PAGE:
‘Not common’ for people to spend night at McDonald’s
A spokesman for McDonald's Singapore said it was not very common for people to sleep overnight in their restaurants.
Mr Faz Hussen, director of communications and government relations at McDonald's Singapore said: "Generally this is not prevalent in our Singapore restaurants."
While all are welcome, he added, he appealed to those who are not eating to be "considerate to dine-in customers who would need the seats", especially in peak periods.
McDonald's has about 130 outlets here, excluding kiosks, and 48 of them are open 24 hours for at least two days a week, said its website.
Other McDonald's staff who declined to be named told The Sunday Times not all 24-hour outlets have people who stay overnight.
Those who do tend to leave by around 6am.
Store managers sometimes have to chase such patrons away if they are drunk or cause trouble.
"McRefugees" made headlines in Hong Kong last year when a woman was found dead in a McDonald's outlet in Kowloon Bay.
In Singapore, not many people who sleep on the streets go to 24-hour McDonald's outlets as there might be complaints, said Ms Fion Phua, founder of volunteer group Keeping Hope Alive, which works to meet the urgent needs of the less privileged.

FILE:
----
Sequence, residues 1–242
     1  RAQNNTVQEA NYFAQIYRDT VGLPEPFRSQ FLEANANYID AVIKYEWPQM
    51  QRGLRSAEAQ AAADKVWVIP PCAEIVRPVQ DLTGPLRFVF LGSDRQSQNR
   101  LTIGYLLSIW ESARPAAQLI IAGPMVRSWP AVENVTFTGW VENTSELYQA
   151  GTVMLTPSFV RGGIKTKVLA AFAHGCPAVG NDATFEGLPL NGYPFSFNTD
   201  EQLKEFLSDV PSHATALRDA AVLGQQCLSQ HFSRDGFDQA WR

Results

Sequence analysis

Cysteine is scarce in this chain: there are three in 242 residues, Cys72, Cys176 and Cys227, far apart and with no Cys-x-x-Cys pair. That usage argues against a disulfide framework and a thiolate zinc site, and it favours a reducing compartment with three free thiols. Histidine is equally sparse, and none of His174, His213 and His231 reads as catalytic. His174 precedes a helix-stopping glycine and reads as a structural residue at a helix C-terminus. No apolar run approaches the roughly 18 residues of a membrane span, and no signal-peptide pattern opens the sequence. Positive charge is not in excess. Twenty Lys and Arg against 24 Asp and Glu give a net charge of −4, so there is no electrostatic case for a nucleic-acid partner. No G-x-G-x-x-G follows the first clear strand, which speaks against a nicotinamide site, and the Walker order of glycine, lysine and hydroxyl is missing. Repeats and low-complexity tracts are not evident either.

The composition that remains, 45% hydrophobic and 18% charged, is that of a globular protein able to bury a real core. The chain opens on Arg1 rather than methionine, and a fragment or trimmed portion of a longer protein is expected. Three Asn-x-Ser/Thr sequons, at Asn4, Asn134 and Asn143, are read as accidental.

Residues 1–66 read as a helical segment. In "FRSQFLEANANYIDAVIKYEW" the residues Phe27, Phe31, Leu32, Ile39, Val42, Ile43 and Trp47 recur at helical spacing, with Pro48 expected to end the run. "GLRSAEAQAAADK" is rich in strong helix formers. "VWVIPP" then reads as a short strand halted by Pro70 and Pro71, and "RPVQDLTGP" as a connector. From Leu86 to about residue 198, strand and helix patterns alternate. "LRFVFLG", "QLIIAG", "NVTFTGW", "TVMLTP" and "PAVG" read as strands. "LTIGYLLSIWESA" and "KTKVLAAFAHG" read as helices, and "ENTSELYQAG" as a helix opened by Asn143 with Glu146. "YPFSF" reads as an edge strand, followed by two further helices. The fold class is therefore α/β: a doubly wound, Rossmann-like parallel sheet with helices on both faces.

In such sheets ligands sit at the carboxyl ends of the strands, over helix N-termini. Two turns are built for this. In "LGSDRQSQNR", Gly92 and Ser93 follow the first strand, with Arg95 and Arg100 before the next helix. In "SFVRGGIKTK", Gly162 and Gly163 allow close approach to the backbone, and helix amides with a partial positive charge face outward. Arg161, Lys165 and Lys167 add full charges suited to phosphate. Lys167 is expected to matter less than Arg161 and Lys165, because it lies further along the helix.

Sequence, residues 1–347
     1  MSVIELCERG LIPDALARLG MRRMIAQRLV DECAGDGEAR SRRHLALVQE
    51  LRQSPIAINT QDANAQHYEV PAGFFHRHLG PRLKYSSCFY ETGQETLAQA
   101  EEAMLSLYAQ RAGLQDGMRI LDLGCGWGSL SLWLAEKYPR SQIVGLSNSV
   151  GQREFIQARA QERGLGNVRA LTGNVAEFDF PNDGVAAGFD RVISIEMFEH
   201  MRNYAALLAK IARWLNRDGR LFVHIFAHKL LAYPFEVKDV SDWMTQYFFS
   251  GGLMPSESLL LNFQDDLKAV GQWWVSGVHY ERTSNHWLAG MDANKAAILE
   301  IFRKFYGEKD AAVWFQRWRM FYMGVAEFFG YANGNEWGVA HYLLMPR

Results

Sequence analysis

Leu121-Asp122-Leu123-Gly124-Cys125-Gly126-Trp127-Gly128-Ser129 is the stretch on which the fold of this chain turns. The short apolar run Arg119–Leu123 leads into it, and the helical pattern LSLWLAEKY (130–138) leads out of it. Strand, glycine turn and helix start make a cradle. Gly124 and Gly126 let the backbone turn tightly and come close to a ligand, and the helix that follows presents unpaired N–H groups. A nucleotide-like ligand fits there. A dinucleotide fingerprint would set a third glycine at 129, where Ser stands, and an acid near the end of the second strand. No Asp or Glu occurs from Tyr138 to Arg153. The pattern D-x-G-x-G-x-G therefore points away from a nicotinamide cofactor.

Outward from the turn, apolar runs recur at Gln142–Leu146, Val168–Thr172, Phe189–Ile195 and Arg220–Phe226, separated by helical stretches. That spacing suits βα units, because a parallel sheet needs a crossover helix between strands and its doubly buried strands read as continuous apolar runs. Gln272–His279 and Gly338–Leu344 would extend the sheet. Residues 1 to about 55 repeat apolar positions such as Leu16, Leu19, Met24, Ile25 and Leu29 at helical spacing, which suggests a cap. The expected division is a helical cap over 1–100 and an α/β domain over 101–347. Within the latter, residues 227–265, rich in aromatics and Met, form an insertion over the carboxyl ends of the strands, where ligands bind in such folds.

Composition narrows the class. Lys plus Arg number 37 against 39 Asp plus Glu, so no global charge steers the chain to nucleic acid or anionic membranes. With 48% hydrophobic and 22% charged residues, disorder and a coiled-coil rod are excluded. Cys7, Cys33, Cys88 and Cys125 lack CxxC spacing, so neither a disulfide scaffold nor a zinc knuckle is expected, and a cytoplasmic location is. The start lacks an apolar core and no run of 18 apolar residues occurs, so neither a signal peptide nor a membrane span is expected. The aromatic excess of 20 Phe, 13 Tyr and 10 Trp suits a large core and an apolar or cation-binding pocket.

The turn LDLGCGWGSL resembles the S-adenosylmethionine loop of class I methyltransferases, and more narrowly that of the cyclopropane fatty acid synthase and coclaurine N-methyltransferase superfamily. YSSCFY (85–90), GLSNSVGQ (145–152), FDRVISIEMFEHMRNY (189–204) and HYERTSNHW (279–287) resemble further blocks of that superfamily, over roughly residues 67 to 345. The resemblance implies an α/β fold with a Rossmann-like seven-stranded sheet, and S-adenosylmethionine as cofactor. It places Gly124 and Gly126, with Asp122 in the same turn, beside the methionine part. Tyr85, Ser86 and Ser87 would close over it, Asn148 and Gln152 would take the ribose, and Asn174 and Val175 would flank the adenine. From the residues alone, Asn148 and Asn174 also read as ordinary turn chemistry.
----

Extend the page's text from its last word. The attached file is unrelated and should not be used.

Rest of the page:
"They might go in to use the toilets, or when it is raining very heavily," she said.
Those who sleep outside may also be unwilling to part with their trolleys, which they use to collect cardboard and store belongings.
These are hard to bring indoors, or to places with steps and slopes.
They keep to bus stops, void decks or near 24-hour supermarkets instead, said Ms Phua, adding: "When there are more people around, there is a smaller chance they will be pickpocketed.
The Ministry of Social and Family Development (MSF) provided help and support to 300 cases involving the homeless each year on average, from 2005 to last year.
Homeless people often go through stressors such as divorce, financial difficulties or health issues, said MSF.
Many sold their flats and spent the money to clear debts or for other purposes, said a spokesman, and some could not live with their families due to strained relationships.
Agencies coordinate help for those at risk of homelessness.
There are also welfare homes and shelters for the destitute.